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Barney v. Astrue


July 20, 2010


The opinion of the court was delivered by: Hon. Jay C. Gandhi United States Magistrate Judge


On September 11, 2009, plaintiff Effie Barney ("Plaintiff") filed a complaint against defendant Michael J. Astrue ("Defendant"), the Commissioner of the Social Security Administration, seeking review of a denial of supplemental security income benefits. [Docket No. 1.] On March 19, 2010, Defendant filed his answer, along with a certified copy of the administrative record. [Docket Nos. 10, 12.] On April 14, 2010, this matter was transferred to the calendar of the undersigned Magistrate Judge. [Docket No. 15.] Both Plaintiff and Defendant subsequently consented to proceed for all purposes before the Magistrate Judge pursuant to 28 U.S.C. § 636(c). [Docket Nos. 14, 17.] Pursuant to a September 18, 2009 case management order, the parties submitted a detailed, 14-page joint stipulation for decision on May 21, 2010. [Docket No. 16.] The Court deems the matter suitable for adjudication without oral argument.

In sum, having carefully studied, inter alia, the parties' joint stipulation and the administrative record, the Court concludes that, as detailed herein, the Administrate Law Judge inappropriately discounted Plaintiff's subjective complaints and thus remands this matter to the Commissioner in accordance with the principles and instructions enunciated in this Memorandum Opinion and Order.


Plaintiff has an eleventh grade education and was 44 years old on her alleged onset date of disability. (See Administrative Record ("AR") at 84, 561.) Plaintiff is also obese; she is four feet eleven inches and weighs approximately 270 pounds. (Id. at 140.) Her prior relevant work includes employment as a caregiver, sales clerk, assembler, and telemarketer. (Id. at 22, 63, 132-139, 553-554.)

On October 7, 2005, nearly five years ago, Plaintiff filed for supplemental security income ("SSI"), claiming that she has been disabled since December 30, 2004 due to a brown recluse spider bite, high blood pressure, and a thyroid condition. (See AR at 76, 84.) Plaintiff's application was denied after which she filed a timely request for a hearing. (Id. at 74, 76-80.)

On August 2, 2007, approximately two years after her application, Plaintiff, proceeding pro se, appeared and testified at a hearing before an Administrative Law Judge ("ALJ"). (AR at 558, 560-574.) On January 24, 2008, the ALJ issued an unfavorable decision denying Plaintiff's request for benefits ("January 2008 Decision"). (Id. at 55-63.)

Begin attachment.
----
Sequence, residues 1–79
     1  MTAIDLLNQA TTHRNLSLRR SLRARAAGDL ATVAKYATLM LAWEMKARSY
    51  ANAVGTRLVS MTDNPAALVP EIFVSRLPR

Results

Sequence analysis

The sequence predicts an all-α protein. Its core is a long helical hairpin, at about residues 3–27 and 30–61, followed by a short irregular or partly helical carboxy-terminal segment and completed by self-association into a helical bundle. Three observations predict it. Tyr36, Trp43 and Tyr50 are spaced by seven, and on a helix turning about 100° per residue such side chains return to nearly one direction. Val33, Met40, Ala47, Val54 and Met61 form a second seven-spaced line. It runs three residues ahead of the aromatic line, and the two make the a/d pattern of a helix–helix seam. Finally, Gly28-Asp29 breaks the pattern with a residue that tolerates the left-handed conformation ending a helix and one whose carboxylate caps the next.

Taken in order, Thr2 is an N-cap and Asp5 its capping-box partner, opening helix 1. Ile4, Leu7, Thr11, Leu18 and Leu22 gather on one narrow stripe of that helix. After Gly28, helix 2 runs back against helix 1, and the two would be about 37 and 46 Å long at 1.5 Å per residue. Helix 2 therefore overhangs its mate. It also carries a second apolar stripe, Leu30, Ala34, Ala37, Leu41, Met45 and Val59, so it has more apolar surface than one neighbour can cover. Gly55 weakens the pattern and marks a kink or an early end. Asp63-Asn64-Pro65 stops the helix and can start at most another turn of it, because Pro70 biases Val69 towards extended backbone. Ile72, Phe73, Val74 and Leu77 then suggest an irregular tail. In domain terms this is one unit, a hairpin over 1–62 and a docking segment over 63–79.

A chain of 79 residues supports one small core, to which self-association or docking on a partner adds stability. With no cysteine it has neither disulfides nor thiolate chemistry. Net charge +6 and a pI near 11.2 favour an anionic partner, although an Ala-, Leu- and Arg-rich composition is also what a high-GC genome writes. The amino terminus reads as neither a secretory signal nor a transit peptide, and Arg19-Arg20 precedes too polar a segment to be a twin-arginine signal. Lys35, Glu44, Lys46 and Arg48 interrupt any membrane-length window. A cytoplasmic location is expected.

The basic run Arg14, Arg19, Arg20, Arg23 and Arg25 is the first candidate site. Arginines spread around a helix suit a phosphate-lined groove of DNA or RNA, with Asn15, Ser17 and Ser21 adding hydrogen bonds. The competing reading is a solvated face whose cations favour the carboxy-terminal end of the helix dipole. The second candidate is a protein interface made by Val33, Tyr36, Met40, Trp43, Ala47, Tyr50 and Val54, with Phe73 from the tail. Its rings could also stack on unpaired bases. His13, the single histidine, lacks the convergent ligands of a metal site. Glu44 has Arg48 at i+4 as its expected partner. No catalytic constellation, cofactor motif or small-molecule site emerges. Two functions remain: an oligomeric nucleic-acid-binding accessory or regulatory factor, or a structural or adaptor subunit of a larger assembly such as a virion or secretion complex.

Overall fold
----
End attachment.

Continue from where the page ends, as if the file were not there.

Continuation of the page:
Plaintiff appealed and, on July 11, 2008, the Appeals Council vacated the January 2008 Decision and remanded the case to the ALJ for further proceedings. (See AR at 38-40, 42-45.) The Appeals Council directed the ALJ to give further consideration to Plaintiff's residual functional capacity ("RFC") and obtain supplemental evidence from a vocational expert ("VE"). (Id. at 39.)

On February 13, 2009, Plaintiff, represented by counsel, appeared and testified at another hearing before the ALJ. (AR at 539, 541-552.) The ALJ also heard testimony from Joseph Mooney, a VE. (Id. at 539, 553-557.)

On April 7, 2009, the ALJ denied Plaintiff's request for benefits. (AR at 12-23.) Applying a well-established five-step sequential evaluation process -- which is discussed below -- the ALJ found, at step one, that Plaintiff has not engaged in substantial gainful activity since her SSI application date. (Id. at 14.)

At step two, the ALJ found that Plaintiff suffers from severe impairments consisting of "[n]on-insulin diabetes mellitus, venous insufficiency in the left lower extremity with transient bouts of left lower extremity cellulitis, hypertension, and obesity with a history of diffuse body pain and obesity related sleep apnea[, and] questionably severe depression." (AR at 14 (bold omitted).)

At step three, the ALJ determined that the evidence does not demonstrate that Plaintiff's impairments, either individually or in combination, meet or medically equal the severity of any listing set forth in the Social Security regulations.*fn1 (AR at 14.)

The ALJ then assessed Plaintiff's RFC*fn2 and determined that she can perform light work, but limited her to "occasional climbing, stooping, kneeling, crouching, and crawling." (AR at 15 (bold omitted).) Based on Plaintiff's RFC, the ALJ found, at step four, that Plaintiff lacks the ability to perform her past relevant work. (Id. at 22.)

At step five, based on Plaintiff's vocational factors and the VE's testimony, the ALJ found that "there are jobs that exist in significant numbers in the national economy that [Plaintiff] can perform," including cleaner, housekeeper, and packager. (AR at 22(bold omitted).) Thus, the ALJ concluded that Plaintiff was not suffering from a disability as defined by the Act because she could adjust to her impairment and find another type of gainful employment. (Id. at 12, 23.)

Plaintiff filed a timely request for review of the ALJ's decision, which was denied by the Appeals Council. (AR at 4-6, 8.) The ALJ's decision stands as the final decision of the Commissioner.



A. Five-Step Inquiry To Ascertain A Cognizable Disability